In the November 2012 issue of HOW magazine, I wrote about how you can incrementally make your freelance design business greener by making small, manageable changes (Freelance; “Giving Greenlancing a Go”). For those of you who want to take the extra step of working with green clients, here I’ve outlined green graphic design opportunities so that you can find one that’s right for you.
photo from Shutterstock
A few years ago the Federal Trade Commission sat down to revise its “Green Guides,” the official guidelines that govern the claims advertisers can make about environmental claims. Their research uncovered a curious insight about consumer perception. The term “green” leads some people to assume that a product is biodegradable, compostable, ozone-safe, recyclable, non-toxic, made with renewable materials and made with renewable energy.
While legitimate “green” products fulfill one or more of these criteria, very few can claim to satisfy them all. In the same way, serving the green graphic design market isn’t a one-size-fits-all proposition. Each segment has a unique character that requires its own design and marketing approach, and some will probably have more appeal for you than others. Here are a few to explore:
The fortunes of renewable energy companies ebb and flow with the tides of government subsidies and the cost of fossil fuels, but the industry is emerging from its infancy. Wind energy has the strongest lead, accounting for more than 35% of all new generating capacity in the U.S. since 2007 according to the American Wind Energy Association. Solar energy is gaining ground as well, with geothermal energy, marine energy and other innovations somewhat further behind.
Much of this market is still business-to-business work for providers of utility-scale installations. Since many renewables generate power only under certain conditions, there’s some movement toward installations that combine more than one type or include high-capacity storage (nighttime storage of energy generated by solar panels during the day, for example).
Consumer opportunities are still challenging because of the cost and complexity of installing them. Companies in this market could benefit from creative designers who can help tell their stories more clearly.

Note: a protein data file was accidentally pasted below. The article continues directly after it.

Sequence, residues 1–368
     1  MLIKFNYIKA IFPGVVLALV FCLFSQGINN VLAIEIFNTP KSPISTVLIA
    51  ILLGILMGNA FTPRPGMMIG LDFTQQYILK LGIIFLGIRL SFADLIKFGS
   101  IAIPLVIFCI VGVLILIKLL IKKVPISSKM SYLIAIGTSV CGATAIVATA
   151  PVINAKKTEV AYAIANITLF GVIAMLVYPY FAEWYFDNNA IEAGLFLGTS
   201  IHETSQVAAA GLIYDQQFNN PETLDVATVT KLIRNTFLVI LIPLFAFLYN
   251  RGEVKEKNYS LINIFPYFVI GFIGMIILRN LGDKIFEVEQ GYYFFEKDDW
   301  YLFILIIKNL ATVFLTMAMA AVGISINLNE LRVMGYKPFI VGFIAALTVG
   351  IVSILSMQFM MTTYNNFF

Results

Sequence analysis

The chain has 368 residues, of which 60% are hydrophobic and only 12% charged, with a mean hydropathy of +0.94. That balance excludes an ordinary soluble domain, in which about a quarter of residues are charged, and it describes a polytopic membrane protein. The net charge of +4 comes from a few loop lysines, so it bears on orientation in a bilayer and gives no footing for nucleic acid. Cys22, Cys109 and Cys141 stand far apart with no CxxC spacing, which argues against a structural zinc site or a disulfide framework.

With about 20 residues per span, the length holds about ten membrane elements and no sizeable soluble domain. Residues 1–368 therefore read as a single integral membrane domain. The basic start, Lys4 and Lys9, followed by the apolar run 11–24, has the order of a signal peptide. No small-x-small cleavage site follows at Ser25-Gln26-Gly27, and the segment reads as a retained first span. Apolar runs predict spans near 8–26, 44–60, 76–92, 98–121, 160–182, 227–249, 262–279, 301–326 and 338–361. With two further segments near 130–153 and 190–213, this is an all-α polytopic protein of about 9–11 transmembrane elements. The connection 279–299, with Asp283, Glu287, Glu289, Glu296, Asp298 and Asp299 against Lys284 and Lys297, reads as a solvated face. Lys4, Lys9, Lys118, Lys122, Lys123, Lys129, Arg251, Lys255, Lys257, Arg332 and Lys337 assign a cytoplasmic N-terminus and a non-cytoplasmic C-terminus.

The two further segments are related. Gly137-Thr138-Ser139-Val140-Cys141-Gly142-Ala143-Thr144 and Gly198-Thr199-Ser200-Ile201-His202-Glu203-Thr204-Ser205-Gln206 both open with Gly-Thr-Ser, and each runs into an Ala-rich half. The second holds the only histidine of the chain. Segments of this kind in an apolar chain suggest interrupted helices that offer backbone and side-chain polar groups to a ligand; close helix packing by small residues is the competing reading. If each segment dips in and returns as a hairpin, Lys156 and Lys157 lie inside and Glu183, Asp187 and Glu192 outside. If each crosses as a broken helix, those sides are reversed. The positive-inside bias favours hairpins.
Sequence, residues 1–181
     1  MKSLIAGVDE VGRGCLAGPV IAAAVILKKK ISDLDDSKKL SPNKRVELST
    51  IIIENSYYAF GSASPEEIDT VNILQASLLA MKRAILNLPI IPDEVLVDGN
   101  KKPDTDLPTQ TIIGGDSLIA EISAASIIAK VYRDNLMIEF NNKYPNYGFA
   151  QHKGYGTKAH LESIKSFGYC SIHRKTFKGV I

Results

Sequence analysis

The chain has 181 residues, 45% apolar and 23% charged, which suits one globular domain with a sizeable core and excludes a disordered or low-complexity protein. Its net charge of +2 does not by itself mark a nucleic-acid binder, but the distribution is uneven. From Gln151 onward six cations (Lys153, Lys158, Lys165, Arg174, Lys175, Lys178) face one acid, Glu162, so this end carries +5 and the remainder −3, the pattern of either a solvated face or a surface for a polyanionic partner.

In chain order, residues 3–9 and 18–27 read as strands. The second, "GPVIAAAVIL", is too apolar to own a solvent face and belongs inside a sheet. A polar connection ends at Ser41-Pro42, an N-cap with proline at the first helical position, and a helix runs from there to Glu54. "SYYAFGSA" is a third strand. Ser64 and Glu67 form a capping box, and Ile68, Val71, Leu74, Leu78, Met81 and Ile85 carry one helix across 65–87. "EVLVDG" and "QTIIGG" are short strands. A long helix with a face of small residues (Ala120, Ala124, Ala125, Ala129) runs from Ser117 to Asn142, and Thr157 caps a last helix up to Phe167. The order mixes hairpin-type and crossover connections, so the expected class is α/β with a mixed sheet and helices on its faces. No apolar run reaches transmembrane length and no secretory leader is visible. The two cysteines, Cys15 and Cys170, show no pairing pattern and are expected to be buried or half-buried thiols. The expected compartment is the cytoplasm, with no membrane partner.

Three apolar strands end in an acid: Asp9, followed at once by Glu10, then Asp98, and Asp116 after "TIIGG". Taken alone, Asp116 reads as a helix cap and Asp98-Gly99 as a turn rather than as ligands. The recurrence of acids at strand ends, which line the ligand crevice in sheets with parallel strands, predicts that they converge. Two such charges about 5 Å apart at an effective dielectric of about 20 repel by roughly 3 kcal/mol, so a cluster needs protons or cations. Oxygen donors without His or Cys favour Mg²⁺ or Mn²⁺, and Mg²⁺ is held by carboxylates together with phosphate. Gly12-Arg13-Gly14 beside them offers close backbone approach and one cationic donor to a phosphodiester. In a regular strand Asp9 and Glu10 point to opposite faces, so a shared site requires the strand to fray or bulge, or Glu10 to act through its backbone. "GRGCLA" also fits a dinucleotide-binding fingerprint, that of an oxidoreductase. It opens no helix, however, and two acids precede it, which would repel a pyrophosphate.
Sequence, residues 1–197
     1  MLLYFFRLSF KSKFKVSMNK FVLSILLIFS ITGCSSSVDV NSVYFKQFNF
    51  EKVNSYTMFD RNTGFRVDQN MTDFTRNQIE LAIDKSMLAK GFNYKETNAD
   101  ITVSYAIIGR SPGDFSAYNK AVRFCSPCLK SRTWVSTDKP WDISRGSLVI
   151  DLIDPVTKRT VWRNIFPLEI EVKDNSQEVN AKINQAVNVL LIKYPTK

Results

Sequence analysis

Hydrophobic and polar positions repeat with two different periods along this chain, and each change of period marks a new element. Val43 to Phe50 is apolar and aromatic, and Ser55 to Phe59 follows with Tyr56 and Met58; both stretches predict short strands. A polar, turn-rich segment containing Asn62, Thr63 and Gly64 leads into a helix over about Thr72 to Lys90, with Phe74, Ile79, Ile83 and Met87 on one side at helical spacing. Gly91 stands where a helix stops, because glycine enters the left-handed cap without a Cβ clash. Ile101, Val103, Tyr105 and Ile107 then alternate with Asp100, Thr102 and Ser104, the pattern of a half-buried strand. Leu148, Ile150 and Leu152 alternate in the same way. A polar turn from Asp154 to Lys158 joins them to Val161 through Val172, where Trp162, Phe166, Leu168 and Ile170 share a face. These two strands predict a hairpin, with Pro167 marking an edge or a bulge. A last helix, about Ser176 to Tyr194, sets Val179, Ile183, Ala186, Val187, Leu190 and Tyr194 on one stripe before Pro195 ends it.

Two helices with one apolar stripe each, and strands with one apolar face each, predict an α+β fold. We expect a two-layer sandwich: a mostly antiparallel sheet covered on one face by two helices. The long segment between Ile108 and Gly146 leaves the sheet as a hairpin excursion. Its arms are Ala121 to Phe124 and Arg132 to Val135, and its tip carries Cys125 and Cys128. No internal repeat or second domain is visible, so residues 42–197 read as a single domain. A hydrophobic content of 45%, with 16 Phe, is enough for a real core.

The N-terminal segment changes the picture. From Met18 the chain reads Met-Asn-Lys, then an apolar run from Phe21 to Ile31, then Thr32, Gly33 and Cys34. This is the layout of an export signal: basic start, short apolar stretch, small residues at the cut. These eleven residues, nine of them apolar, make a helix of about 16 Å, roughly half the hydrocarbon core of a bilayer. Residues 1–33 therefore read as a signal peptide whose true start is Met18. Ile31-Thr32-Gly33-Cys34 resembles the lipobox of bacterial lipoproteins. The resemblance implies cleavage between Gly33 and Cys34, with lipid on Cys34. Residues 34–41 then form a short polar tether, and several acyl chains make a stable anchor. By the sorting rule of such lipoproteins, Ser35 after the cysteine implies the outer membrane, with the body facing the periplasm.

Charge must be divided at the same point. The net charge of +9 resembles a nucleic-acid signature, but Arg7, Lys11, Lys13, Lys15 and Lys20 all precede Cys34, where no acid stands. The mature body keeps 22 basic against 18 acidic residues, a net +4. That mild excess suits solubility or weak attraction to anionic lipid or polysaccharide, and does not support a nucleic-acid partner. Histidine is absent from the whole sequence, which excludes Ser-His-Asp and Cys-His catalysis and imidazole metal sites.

If you’re a socially conscious designer, you may enjoy “Just Design: Socially Conscious Design for Critical Causes.”
Pain at the pump drives this segment. When gas prices rise, so do sales of the Toyota Prius and investments in emerging fuel technologies. This market includes everything that hopes to compete with gasoline, including electric cars, biodiesel, ethanol and even experimental microbes engineered to turn wastes into gasoline. Big clients include the U.S. Military, which seeks to reduce the manpower needed to defend oil and gas supply chains, and companies with large vehicle fleets.
Government incentives and buyer demand are prompting a green renaissance in construction. Some players in the industry are calling for faster change, others are half-heartedly following the trend because it’s where demand is growing most rapidly. Get involved with the U.S. Green Building Council to meet the people in the vanguard. You can often find prospects from other segments at their larger events as well.
Natural and Organic Food
From your local farmers’ market to vegetarian/vegan restaurants to organic food corporations, consumer demand for healthier food is driving growth in a variety of niche products. If packaging is your strong suit, this segment probably offers the most opportunity, as long as you can get beyond the clichés of Papyrus type and kids’ hands cupping baby plants.
Not just a progressive novelty anymore, recycling and reuse are now integral to many corporate cultures—especially since the cost benefits are clear more often then they used to be. Entire industries are now based on recycling plastic bottles alone, turning them into everything from park benches to auto components. Other companies are giving new life to paper and wood, used tires, chemicals, industrial byproducts and more.
Other Business Types
Long-established companies in every industry are eager to green their image. Some are merely responding to consumer demand, but an increasing number are owned and operated by people who value sustainability themselves. My first green assignment was a PR brochure for a global manufacturing company eager to let retailers know that it had been pursuing green values since the 1950s, long before it was trendy to do so. Other companies have their own green stories, new and old, and you can help them do it.